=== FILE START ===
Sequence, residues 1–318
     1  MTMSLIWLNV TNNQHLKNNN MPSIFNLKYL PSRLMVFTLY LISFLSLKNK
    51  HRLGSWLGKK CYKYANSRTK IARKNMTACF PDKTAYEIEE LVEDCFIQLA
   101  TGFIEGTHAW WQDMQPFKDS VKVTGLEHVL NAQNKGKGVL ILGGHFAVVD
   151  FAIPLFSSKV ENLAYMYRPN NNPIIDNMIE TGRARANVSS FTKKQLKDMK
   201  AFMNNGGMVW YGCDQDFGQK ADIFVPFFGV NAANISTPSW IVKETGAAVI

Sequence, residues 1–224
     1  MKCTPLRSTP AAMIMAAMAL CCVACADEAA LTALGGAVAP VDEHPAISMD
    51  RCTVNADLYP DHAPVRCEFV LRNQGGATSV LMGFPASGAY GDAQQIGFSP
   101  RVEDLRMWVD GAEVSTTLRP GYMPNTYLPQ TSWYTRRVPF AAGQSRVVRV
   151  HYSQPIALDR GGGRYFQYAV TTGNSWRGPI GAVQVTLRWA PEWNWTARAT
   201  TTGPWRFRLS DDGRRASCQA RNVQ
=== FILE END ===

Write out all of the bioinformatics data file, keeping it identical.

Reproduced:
Sequence, residues 1–318
     1  MTMSLIWLNV TNNQHLKNNN MPSIFNLKYL PSRLMVFTLY LISFLSLKNK
    51  HRLGSWLGKK CYKYANSRTK IARKNMTACF PDKTAYEIEE LVEDCFIQLA
   101  TGFIEGTHAW WQDMQPFKDS VKVTGLEHVL NAQNKGKGVL ILGGHFAVVD
   151  FAIPLFSSKV ENLAYMYRPN NNPIIDNMIE TGRARANVSS FTKKQLKDMK
   201  AFMNNGGMVW YGCDQDFGQK ADIFVPFFGV NAANISTPSW IVKETGAAVI

Sequence, residues 1–224
     1  MKCTPLRSTP AAMIMAAMAL CCVACADEAA LTALGGAVAP VDEHPAISMD
    51  RCTVNADLYP DHAPVRCEFV LRNQGGATSV LMGFPASGAY GDAQQIGFSP
   101  RVEDLRMWVD GAEVSTTLRP GYMPNTYLPQ TSWYTRRVPF AAGQSRVVRV
   151  HYSQPIALDR GGGRYFQYAV TTGNSWRGPI GAVQVTLRWA PEWNWTARAT
   201  TTGPWRFRLS DDGRRASCQA RNVQ